How NOT to turn down a job offer when you work in Allied Health

So, you’ve been offered a job but have decided to decline it, and need to find the best way to turn it down.

Whether you’ve secured the role on your own or via a recruitment agency, there’s always a right and wrong way to reject an offer.

So, what IS the best way to say, “Thanks but no thanks”, to a job offer in the Allied Health industry?

Well, here’s what NOT to do! Some real-life rejection techniques that we’ve seen at Medijobs Australia:

Nightmare Story 1: The No-Show

We once received this text from a candidate on the day that they were supposed to start their new, full-time job as an Occupational Therapist:

“Hi. I’ve decided to go travelling and so won’t be starting my new role today.”

What?! We called the client to deliver this news, only to discover that the candidate had already been in touch with them to tell them the same thing. Again … what?!

It turns out, not only had this candidate accepted a job they didn’t intend to take, but they had left it until the morning that they were meant to be starting their new job to inform their employer, without giving any consideration to all the training and induction that had been set-up for their first day.

Plus they deprived someone else the opportunity of a job, because if they’d let the employer know earlier, they could have hired the runner up recruit.

This is so unprofessional and inconsiderate.

What to do instead: If you’re going to decline a job for any reason, including travel, please let the agency and employer know ASAP so they can consider another candidate. If, for some reason, you do leave it until the morning of your start date, we strongly suggest you phone and speak to the agency. The thing to remember is that your recruitment agency has managed this whole process for you from the start, so please give them the courtesy of including them until the end.

Nightmare Story 2: The Recruiter Neglector

After accepting a job offer from our client, a candidate was given a counter-offer by their current employer.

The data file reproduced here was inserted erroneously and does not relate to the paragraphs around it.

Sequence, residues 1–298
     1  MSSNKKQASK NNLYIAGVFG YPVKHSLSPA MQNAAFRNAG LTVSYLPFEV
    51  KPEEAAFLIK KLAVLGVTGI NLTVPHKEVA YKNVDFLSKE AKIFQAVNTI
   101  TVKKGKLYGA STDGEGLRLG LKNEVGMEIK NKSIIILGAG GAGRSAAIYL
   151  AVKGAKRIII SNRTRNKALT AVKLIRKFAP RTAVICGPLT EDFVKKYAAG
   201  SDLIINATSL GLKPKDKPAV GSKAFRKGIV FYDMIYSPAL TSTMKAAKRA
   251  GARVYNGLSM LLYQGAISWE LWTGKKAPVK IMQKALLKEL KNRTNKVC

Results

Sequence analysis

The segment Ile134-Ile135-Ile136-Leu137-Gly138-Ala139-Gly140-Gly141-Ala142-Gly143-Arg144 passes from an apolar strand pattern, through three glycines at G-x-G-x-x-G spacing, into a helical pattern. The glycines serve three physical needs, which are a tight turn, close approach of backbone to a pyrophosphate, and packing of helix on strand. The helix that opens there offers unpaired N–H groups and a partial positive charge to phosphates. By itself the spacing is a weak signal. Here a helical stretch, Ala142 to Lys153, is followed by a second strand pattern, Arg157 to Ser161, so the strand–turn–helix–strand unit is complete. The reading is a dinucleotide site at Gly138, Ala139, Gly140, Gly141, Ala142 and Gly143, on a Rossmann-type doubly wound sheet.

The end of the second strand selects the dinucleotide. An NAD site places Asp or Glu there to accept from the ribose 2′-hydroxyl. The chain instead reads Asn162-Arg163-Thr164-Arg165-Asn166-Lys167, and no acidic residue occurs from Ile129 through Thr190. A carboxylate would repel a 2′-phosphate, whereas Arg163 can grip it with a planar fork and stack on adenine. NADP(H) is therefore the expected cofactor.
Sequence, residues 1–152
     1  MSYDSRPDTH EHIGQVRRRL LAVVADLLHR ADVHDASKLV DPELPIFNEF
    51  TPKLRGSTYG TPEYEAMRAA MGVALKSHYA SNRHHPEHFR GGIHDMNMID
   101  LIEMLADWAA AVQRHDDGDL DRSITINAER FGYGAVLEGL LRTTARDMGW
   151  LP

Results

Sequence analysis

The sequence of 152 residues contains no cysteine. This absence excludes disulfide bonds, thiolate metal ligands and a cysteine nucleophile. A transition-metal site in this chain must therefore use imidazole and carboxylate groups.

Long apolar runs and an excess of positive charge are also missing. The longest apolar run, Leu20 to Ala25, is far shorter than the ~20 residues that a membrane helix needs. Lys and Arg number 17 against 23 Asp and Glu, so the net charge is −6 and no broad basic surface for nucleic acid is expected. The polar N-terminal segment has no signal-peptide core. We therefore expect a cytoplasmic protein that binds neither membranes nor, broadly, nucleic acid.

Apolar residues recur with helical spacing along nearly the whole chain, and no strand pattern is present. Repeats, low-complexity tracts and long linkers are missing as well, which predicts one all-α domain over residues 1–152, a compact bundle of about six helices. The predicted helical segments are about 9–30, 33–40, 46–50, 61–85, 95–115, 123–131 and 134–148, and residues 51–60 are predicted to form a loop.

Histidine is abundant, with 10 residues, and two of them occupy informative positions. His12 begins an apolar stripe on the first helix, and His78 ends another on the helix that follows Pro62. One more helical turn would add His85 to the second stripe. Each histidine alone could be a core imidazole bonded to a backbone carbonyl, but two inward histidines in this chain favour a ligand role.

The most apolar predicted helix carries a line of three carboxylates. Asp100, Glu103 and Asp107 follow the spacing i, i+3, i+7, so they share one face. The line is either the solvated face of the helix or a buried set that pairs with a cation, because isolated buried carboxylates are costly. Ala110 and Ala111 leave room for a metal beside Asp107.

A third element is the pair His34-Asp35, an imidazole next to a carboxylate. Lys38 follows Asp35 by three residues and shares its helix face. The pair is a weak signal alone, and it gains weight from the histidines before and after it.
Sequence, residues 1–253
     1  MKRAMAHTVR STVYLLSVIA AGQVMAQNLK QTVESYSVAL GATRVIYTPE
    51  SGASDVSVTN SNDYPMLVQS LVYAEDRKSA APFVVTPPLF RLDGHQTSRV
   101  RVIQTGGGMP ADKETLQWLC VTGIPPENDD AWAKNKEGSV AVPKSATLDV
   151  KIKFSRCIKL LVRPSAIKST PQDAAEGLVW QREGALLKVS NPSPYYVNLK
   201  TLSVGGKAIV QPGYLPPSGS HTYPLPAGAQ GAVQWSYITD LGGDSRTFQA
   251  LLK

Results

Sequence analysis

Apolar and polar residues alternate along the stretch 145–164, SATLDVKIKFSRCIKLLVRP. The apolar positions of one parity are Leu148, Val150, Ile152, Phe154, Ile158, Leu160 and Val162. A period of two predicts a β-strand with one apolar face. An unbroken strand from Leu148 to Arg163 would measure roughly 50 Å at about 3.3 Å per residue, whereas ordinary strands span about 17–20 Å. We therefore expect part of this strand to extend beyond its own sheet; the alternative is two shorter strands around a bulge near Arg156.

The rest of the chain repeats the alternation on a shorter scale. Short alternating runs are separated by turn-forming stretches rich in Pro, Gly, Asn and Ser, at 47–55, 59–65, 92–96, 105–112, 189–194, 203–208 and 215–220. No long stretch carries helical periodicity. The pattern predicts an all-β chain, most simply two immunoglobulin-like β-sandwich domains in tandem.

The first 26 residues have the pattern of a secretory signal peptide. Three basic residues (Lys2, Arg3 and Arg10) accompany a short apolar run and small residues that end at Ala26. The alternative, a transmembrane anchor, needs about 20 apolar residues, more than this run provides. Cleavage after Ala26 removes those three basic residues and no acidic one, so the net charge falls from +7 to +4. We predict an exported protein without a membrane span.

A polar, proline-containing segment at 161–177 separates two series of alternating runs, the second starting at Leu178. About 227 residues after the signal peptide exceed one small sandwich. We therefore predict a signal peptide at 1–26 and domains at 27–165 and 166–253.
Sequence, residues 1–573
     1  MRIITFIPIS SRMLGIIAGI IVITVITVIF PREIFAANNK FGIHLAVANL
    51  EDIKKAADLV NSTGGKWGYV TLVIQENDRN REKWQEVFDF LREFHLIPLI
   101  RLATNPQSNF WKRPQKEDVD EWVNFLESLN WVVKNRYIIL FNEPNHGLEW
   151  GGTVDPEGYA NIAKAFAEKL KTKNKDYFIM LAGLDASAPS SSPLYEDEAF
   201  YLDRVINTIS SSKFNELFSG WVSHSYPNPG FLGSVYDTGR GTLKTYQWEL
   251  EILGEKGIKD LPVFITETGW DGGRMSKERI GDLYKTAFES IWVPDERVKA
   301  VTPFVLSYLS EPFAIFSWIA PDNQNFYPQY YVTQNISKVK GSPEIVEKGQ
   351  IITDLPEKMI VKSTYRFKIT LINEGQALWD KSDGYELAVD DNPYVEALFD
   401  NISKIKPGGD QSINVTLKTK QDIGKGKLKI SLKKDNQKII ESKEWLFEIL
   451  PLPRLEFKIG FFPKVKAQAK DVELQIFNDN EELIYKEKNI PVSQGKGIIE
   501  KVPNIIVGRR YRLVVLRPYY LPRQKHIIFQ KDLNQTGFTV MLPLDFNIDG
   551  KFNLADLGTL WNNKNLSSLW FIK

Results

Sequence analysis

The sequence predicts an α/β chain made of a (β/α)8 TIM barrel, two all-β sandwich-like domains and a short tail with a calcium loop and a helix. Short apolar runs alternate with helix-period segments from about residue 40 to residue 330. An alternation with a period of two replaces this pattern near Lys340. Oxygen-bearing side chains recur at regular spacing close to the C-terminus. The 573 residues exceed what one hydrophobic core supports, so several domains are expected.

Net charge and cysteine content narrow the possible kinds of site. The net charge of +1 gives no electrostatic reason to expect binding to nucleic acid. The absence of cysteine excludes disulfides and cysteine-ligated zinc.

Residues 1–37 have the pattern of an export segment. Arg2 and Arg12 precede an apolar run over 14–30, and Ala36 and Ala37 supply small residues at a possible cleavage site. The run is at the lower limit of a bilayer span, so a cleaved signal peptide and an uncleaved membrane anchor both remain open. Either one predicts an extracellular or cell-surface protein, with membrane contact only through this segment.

This happens. But we always encourage candidates to remember that an increased salary package doesn’t change the reasons you might be job-seeking in the first place. Not to mention that if it takes you resigning for your employer to recognise your value, they’re probably not the company for you. We find that most candidates who accept counter offers are job-seeking again in 6-12 months’ time.

In the case of this candidate, they let the hiring employer know their decision directly, but failed to inform us, their placement agency. So, when the client called us to say that the candidate had pulled out, we looked pretty clueless (and were unimpressed, tbh).

The thing is, Medijobs had played a crucial role in getting this candidate an amazing job opportunity. We would have preferred it if the candidate let us know their decision to accept a counter offer so that we could have managed this with our client ourselves.

What to do instead: If you decide to accept a counter-offer from your current employer, please let the agency representing you know. Same goes if you’ve secured the role directly with the employer – call their hiring manager and let them know of your decision. Most employers understand that counter-offers are enticing, and are fine with candidates turning down roles. It’s the way you communicate your decision that matters. It’s important that you maintain good relationships with employers, as you might just be knocking on their door again soon.

Nightmare Story 3: The Ghost

We worked with a candidate to secure them an offer in a great new role. They told us they were excited, but that they’d discuss the offer with their partner before accepting.

And that’s the last we heard from them.

To this day, we’ve never heard back from this candidate.

It did cross our minds that something serious might have happened like an accident, however our fears were allayed when a few months later, we saw their LinkedIn Profile had been updated, announcing they had a new job, with another employer!

What to do instead: The alternative to ghosting is simple: just say, “Thanks but no thanks,” either to the agency if you’ve been represented by one, or to the employer if you’re dealing with them directly. People will be worried if you just disappear, and when they realise that you’re actually fine, that you just didn’t want to be upfront about your decision to decline the offer, they’ll be put off by your rudeness and you’ll have burnt that bridge forever.

It’s important to be polite and considerate when you’re job hunting. Treating people well, with respect and courtesy will ensure they treat you the same way.

If you’re really not sure how to decline a job offer, consult with a professional, specialist agency like Medijobs Australia. We’re experts at having difficult conversations, and we can help to keep the doors open to any potential employer you want to turn down, in case you’d like to work with them in the future.

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